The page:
Deep flat is simply the idea of utilizing the same flat design elements we all know and love for their visual simplicity and coherence, with added perspective and motion for additional user clarity. It’s much easier to explain visually than through words:
While deep flat can make use of gradients to give the idea of depth, it doesn’t have to:
But, one quality all deep flat design shares is motion. Technically referred to as dynamic functional design, motion is now being used in apps at a much higher rate. But as we’ve stated before, you’ll want to make sure your app doesn’t move around too much – animations should be as satisfying for a user the first time they see it, and the thousandth time.
A general and easy rule to follow if you want to make sure your app’s animations never get annoying is to keep them shorter than half a second.
Deep flat is good practice to get a hold of now, for two reasons: first, apps that are graphic heavy tend to have higher user retention than those that are less so – and second, in a few years, dev shops will expect UI designers to have a solid grasp of deep flat implementation.
Gradients are still used to portray depth on a screen – and until recently, gradients were only lived on screens as shadows – not any longer, however. Device displays have progressed to the point where colored gradients can be described as “vivid” rather than “muddy.”
It’s why all the new devices make sure to have a colored gradient serving as the background of the home screen – they’re showing off how vibrant their rendition of colors can be. Now, color gradients can be used in backgrounds, icons, logos, and all other forms of graphics that make up an app’s UI.
Getting used to implementing color gradients into your UI design now will give you a head start as users begin to ignore less colorful apps in favor of brighter (and therefore more eye-catching) apps.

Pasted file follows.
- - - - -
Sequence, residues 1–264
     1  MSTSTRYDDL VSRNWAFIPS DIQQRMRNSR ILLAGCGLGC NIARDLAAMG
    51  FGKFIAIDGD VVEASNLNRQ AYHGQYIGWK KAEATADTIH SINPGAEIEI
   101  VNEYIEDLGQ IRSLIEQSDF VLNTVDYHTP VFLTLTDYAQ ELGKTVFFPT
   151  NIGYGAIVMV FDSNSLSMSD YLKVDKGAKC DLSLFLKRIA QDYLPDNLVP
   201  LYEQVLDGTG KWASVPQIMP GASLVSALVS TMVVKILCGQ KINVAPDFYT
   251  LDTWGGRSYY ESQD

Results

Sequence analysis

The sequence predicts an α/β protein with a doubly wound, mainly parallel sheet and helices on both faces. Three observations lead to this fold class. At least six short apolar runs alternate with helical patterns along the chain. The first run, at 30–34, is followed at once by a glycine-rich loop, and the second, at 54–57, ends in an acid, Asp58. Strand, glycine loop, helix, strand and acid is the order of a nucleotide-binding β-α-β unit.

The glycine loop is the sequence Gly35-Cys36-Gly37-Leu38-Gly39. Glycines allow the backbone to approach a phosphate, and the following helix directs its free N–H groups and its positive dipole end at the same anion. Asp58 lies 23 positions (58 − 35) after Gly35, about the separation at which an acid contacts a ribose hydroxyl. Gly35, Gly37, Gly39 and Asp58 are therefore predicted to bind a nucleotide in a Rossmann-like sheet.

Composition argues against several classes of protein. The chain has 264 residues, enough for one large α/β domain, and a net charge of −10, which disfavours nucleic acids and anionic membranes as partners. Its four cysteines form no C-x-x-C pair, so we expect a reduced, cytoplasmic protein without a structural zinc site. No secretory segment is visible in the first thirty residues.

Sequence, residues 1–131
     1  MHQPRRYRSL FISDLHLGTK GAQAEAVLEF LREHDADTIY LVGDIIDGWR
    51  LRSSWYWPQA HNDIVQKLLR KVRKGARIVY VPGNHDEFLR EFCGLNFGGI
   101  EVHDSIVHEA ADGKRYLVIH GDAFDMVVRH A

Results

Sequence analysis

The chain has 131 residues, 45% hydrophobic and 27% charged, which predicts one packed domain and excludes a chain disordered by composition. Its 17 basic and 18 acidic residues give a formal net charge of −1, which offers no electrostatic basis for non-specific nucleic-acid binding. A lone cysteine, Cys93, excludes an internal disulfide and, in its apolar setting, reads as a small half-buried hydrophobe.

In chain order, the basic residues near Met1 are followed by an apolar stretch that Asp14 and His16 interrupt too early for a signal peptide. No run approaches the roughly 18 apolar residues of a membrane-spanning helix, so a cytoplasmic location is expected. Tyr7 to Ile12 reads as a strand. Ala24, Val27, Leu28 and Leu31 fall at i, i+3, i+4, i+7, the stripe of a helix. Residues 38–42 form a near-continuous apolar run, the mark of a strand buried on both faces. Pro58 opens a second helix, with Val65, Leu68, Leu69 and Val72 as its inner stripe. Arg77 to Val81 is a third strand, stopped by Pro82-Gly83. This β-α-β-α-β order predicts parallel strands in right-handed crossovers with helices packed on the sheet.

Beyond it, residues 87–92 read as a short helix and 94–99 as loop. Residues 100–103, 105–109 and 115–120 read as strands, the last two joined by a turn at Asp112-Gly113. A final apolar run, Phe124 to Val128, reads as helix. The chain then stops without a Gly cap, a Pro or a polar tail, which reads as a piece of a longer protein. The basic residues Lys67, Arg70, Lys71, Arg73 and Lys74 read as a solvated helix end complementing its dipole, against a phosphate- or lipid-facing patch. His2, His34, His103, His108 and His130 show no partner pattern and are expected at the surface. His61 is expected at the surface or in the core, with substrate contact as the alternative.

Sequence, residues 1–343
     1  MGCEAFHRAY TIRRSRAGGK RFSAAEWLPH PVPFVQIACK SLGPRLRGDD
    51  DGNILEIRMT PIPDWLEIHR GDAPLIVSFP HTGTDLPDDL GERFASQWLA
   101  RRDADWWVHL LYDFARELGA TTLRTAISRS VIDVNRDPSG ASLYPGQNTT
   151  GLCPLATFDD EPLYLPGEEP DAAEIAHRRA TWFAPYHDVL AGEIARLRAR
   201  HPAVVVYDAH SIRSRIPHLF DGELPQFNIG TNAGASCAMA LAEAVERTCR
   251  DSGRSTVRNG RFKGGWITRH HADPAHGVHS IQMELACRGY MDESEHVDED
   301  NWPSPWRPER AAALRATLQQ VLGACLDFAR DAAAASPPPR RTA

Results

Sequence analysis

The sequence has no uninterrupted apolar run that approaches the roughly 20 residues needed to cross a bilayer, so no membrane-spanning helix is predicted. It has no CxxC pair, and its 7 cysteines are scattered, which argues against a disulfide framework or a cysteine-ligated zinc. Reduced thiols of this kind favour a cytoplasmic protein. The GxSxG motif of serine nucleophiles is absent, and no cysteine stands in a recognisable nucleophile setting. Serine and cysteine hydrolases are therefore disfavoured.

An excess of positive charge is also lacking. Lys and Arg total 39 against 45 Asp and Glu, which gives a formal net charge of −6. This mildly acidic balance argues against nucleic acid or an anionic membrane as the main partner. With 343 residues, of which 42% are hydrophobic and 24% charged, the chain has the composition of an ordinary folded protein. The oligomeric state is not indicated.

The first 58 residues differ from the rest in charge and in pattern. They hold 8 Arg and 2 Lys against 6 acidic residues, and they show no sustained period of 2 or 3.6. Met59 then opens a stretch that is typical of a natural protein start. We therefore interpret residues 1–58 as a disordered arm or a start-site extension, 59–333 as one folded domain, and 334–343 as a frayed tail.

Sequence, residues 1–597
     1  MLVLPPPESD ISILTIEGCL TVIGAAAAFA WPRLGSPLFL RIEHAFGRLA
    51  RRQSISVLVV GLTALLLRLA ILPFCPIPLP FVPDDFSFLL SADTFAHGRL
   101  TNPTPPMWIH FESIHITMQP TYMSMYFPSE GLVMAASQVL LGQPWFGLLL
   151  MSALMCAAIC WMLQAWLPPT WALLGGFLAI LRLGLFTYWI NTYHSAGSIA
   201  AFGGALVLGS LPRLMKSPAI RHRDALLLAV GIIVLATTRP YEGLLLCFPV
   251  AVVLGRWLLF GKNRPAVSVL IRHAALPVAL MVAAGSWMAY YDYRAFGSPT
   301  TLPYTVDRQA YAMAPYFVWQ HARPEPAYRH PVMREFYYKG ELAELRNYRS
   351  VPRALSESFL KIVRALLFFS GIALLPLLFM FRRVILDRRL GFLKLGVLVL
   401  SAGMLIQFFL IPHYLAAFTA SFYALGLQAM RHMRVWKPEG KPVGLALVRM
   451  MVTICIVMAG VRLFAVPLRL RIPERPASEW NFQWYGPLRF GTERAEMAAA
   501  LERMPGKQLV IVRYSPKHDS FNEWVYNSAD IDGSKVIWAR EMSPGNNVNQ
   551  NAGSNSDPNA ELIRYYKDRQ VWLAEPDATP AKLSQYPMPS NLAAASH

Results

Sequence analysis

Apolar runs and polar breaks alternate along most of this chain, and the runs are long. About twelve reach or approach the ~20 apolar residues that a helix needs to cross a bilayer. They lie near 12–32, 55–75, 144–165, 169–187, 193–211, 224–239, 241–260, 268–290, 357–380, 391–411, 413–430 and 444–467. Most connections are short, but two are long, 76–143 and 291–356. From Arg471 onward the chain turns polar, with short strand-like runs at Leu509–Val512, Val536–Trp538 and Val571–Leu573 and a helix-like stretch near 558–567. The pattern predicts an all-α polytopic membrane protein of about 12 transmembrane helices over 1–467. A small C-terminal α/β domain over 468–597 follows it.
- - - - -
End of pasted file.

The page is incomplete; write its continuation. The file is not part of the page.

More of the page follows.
Gradient 2.0 goes hand in hand with dark mode, which we’ve gone over previously.
Including voice integration with your app isn’t necessary in 2019 – but it soon will be if you want your user retention to remain stable. Voice AI is becoming more advanced with every passing minute, and soon users will come to appreciate and expect the UX benefits it brings.
Adding voice integration into your app’s UI isn’t very difficult – its functionality is easily indicated with a universal microphone symbol. Implementing this feature into your app’s code base is another story unto itself – a heavy and robust backend architecture is required to support the logic necessary for a voice feature to work properly.
On that note, it’s on to our last top design practice (for this blog, at least):
Learn to code
It isn’t easy – and you don’t have to know everything. But the more you know about the OS you’re designing for, the better of a designer you’ll be. Knowing what the OS you’re designing for is capable of is just as important as knowing how to translate an app’s process into a design users can understand.
If you’d like to learn about the structure of an app made for iOS using Swift, check out: iOS development and Swift code – What you need to know.
For Android, check out: Android development – What you need to know.
We hope you’ve found these ideas helpful, and if you’re looking forward to more app design practices, don’t worry – there’s more coming in the future!